Recently in Landscape Category

Wheat Country by Kathleen Dalziel

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A wind well-laden with scent and heat
Drifts through the saplings' ragged crests
And leans on the lovely curving breasts
Of the cool green wheat.

The curtseying harvest, hated in light,
Ripples and runs from the air's embrace.
Over their waves the white clouds chase
Grey shade out of sight.

Yellow weed-bloom where the headland narrows,
Daggered thistles in purple pride;
Cockatoos feeding, watchful-eyed,
Snow-flaked along the furrows.

Darting parakeets down the track
Hurl like a handful of jewels tossed
Into the blue and therein lost,
No one to fling them back.

All the Wimmera is under cover
Heaven and the harvest, verge to verge,
Joined by the heat-wave's silver surge
Just where the blue bends over.

The world that the harvest grain is clothing
Seems to descend and disappear
In a scintillation of aching air
Over the edge of nothing.

And the rolling wheat and the world appear
To turn so softly through time and space
The air of It passing upon my face
Scarcely ruffles my hair.

First published in The Bulletin, 29 December 1948

Author reference site: Austlit

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In the Dandenongs by Kathleen Dalziel

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High noon flooded the mountain-side
   In summery silence deep.
All on a sudden the valley sighed,
   And the wind awoke from sleep. 
All on a sudden the wind awoke
   Whispering far and near.
Tree-top with rustling tree-top spoke,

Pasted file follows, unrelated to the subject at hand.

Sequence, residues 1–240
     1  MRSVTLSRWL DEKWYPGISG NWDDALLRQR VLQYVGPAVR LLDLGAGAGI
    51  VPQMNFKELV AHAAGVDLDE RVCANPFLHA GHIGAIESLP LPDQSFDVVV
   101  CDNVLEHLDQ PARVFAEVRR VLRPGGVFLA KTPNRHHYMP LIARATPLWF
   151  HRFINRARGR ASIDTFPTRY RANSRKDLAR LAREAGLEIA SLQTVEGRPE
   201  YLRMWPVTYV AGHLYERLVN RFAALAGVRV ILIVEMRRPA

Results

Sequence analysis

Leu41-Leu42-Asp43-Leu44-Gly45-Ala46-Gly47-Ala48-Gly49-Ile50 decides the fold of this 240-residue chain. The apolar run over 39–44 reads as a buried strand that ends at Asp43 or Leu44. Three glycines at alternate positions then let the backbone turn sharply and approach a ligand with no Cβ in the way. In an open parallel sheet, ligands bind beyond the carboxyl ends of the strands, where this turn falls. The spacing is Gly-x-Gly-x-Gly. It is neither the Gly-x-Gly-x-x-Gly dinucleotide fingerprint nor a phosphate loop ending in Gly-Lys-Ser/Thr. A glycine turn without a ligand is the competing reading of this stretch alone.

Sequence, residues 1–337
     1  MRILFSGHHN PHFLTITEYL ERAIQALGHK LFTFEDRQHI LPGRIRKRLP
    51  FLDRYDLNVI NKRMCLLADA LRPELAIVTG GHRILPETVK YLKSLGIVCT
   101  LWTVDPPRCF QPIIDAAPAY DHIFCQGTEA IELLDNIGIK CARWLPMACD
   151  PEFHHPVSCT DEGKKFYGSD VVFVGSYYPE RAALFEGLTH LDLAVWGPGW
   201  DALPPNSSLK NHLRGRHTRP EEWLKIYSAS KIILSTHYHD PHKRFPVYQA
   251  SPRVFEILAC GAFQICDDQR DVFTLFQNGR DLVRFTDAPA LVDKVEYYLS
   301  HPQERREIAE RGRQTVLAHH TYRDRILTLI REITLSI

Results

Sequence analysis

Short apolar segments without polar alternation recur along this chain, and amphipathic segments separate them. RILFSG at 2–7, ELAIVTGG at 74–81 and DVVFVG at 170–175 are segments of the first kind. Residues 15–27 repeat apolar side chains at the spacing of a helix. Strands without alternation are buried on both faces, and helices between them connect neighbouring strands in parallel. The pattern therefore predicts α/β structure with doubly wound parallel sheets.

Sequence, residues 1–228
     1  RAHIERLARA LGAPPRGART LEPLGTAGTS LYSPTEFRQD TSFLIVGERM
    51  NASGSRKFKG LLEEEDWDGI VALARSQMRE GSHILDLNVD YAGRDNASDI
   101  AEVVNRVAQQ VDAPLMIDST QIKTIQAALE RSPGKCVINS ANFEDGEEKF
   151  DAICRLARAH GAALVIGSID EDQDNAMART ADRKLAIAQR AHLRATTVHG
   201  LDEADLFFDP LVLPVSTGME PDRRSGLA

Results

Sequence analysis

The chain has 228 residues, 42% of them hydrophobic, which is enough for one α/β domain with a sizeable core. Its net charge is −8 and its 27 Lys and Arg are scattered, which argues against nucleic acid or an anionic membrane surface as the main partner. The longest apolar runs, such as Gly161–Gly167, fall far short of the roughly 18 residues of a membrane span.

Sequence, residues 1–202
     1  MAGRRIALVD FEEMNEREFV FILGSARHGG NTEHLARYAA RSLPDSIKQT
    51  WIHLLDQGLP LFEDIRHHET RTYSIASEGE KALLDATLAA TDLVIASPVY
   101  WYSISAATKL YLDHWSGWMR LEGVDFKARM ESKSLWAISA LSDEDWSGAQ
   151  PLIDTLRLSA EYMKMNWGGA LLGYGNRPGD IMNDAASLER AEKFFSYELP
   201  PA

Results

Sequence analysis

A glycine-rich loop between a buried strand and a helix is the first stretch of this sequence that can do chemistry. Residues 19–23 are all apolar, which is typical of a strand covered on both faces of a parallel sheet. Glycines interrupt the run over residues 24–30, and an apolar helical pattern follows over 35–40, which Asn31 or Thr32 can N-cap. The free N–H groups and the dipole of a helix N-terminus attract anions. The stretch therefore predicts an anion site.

And the saplings leaned to hear.

It broke the spirals of blue wood-smoke,
   The scents of the Bush unbound,
Till all the world was a leafy cloak
   Of murmur and light and sound.
Then, letting the sun-drenched fragrance fall
   To earth like a drift of rain,
Tired at the mountain's misty wall
   It sank into sleep again.

First published in The Sydney Morning Herald, 18 December 1937

Author reference site: Austlit

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Oliver's Hill by Myra Morris

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As I went up by Oliver's Hill,
The sea lay under me, blue and still, 
With the curving sand and the tea-tree laid
In a marbled pattern of light and shade.

As I went up by Oliver's Hill,
I whistled a tune that was blithe and shrill;
No happier thing, there moved than I 
Under the matchless morning sky! 

As I looked out from Oliver's Hill 
Over the sea world, blue and still, 
I saw a ship with a wisp of grey 
Moving out on the far-away.

As I came down from Oliver's Hill 
My heart lay grieving, cold and still!
How to stay while that ship rode free,
To breast the tides of some unknown sea!

First published in The Australasian, 17 December 1927

Author reference sites: AustlitAustralian Dictionary of Biography

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An Old Bush Road by Kathleen Dalziel

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There's a distant roadway winding
   Downward by the sea,
Thro' the lanes where dog-woods flower,
   'Neath the wattle tree.
Thro' the slip-rails, 'cross the river,
   Up the hills and down,
Till the waters flash and quiver,
   Close by Burnie town.

Riding down to Burnie town,
   Burnie by the sea,
Past the paddocks, green and brown,
   Green and golden lea;
Bracken braes with briar strewn
   All the pathway down
Lead to where the waters croon,
   Close by Burnie town.

There the silver showers fleeting
   Drench the green-clad hills,
Where the nodding ferns are curling
   By the crystal rills.
There the magpies gay are culling
   All the dewy dawn,
To the noisy water brawling
   'Twixt its banks of lawn.

Summer snows the fields with clover,
   Golden Cape-Weed gay,
With the brown bees roaming over
   All the livelong day.
Down the gale the bushland flowers
   Fling their incense strange,
Dusky blue the haze is deep'ning
   On the distant range.

There's a distant road that's leading
   Past the autumn hedge,
Where the tangled brushwood serries
   Cliff and messy ledge;
There are white clouds floating over
   In the clear, soft blue --
Like a heart-sick absent lover,
   Dear, I think of you.

Winter and the frost flung over
 Like q bridal veil;
Youth and Joy together laughing